Argentina have beaten New Zealand twice in their history
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“I am very powerful, but I do not yet control the weather,” Michael Cheika quipped, the Argentina rugby coach had been asked if he was praying for rain as his side prepare to take on New Zealand rugby in the first Rugby World Cup semi-final. “It’s a bit above my pay grade.”
Cheika wouldn’t be the first coach to look to the heavens for help before facing the All Blacks. If this iteration of New Zealand lacks the air of invulnerability that characterised the all-conquering side of the 2011 or 2015 vintages, then this tournament
Since their opening defeat to France, New Zealand have put 71 points on Namibia, 96 on Italy and 73 on Uruguay, before crushing Ireland’s dreams in one of the great World Cup contests. Their lineout is virtually faultless; their attack not far off. In last week’s win, they prevented their opponents feeding a single scrum, a performance of quartz-like accuracy.
So much for a faded force – the All Blacks are still capable of treading in the rarefied air of the rugby gods. Defeating them will require an elevation to the level of Argentinean rugby as the Pumas bid to visit the virgin peak of a World Cup final.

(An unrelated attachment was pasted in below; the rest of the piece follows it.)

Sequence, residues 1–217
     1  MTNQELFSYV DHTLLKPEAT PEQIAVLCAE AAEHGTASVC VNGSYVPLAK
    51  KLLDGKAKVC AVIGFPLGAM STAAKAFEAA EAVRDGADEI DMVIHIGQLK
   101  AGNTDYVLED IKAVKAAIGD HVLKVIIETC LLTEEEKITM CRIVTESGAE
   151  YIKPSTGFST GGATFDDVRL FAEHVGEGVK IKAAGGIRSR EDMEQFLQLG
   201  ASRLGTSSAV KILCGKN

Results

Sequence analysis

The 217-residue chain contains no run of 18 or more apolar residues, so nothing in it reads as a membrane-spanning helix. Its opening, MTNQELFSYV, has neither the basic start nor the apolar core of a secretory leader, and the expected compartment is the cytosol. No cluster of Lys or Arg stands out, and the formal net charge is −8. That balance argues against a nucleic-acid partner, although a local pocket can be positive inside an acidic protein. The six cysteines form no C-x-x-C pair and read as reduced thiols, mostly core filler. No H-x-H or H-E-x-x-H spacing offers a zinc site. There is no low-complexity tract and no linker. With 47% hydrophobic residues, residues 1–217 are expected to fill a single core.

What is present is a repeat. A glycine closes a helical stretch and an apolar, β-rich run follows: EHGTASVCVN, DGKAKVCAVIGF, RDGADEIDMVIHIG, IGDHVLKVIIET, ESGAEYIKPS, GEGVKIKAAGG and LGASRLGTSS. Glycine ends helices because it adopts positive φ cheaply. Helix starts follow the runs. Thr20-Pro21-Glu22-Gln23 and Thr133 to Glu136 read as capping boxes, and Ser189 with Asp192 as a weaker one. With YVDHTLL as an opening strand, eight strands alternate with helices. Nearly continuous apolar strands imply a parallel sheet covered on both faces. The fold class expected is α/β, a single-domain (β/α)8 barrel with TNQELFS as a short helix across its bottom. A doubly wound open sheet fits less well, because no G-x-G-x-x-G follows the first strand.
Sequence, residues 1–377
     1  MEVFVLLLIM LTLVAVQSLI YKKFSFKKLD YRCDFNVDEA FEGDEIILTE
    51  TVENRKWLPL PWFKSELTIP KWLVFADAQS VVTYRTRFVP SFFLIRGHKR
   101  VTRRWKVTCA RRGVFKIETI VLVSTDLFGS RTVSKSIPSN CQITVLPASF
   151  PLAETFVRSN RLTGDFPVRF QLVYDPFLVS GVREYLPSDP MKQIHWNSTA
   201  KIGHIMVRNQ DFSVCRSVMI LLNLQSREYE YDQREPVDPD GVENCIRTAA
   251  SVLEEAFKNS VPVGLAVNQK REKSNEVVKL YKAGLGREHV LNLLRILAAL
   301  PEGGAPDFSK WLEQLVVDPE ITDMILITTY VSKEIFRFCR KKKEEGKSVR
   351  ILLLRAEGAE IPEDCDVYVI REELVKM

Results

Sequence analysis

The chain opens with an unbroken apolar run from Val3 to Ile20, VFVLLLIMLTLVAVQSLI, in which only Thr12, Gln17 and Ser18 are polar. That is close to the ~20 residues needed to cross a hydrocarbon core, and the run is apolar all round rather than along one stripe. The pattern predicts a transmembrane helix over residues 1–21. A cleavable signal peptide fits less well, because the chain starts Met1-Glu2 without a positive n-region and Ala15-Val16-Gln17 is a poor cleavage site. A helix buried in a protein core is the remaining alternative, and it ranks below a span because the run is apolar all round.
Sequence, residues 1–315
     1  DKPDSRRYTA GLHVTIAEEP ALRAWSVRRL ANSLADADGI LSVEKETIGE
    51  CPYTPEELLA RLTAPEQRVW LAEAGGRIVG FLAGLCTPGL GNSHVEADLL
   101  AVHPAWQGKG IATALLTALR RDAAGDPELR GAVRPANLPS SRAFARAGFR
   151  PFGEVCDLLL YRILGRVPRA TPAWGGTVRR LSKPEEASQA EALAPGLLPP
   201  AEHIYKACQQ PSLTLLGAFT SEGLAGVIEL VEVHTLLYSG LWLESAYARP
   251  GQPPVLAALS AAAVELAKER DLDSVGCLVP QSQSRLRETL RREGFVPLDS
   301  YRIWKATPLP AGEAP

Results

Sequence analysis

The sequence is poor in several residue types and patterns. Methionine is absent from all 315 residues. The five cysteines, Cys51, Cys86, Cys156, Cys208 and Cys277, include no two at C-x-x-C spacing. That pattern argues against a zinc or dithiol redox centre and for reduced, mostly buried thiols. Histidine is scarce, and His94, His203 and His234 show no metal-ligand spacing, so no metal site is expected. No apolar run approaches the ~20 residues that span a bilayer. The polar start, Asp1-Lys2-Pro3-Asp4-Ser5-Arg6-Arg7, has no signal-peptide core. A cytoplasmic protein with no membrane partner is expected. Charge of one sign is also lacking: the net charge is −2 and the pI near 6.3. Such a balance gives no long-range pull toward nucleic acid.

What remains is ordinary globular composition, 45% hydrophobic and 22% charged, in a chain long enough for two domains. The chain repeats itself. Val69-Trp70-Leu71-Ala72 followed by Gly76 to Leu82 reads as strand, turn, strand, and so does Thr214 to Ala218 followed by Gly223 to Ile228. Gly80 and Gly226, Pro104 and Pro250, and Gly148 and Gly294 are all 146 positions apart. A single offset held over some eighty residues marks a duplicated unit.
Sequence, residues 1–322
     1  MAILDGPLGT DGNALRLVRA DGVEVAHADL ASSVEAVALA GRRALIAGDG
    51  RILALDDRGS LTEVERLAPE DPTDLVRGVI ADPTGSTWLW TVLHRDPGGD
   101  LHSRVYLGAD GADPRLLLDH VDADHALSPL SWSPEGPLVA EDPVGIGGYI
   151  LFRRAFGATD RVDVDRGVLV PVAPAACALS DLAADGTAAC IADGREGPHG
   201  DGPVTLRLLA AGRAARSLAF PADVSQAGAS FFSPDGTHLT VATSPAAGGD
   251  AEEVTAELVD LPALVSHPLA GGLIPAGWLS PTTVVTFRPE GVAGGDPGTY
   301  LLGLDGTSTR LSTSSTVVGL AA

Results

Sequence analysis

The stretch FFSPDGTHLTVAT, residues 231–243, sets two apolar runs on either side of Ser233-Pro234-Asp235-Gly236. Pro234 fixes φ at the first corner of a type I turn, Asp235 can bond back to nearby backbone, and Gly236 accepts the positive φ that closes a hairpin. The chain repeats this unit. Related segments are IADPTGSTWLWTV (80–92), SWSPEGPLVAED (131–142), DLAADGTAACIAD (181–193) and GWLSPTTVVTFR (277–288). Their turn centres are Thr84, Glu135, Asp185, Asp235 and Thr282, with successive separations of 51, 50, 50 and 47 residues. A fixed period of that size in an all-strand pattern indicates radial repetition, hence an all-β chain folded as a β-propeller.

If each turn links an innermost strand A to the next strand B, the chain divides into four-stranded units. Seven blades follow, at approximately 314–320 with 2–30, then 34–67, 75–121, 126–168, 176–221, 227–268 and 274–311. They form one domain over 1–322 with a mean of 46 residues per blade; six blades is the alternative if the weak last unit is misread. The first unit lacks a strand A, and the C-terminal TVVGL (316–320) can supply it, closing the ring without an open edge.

“To beat the All Blacks, we need to play a perfect game,” said Emiliano Boffelli, whose accuracy from the tee and elegant strides up the wing will be key; “this is the moment to play the best game of our lives,” added captain Julian Montoya – the challenge is clear.
Until 2020, Argentina had never beaten New Zealand, victory over the All Blacks, an unconquerable final frontier. Then came Covid and a strange day in Sydney, the Pumas playing their first match in 13 months and still hunting down their prized prey. Then, last year in Christchurch, they did it again, this performance more remarkable still in front of a packed house of South Islanders.
Across 80 minutes last August, Argentina made 192 tackles and missed only eight, a thumping defensive performance that rocked the rugby world and nearly toppled New Zealand’s head coach, Ian Foster. While it will give the Pumas some sense of belief, they know they need to be better still to repeat the feat.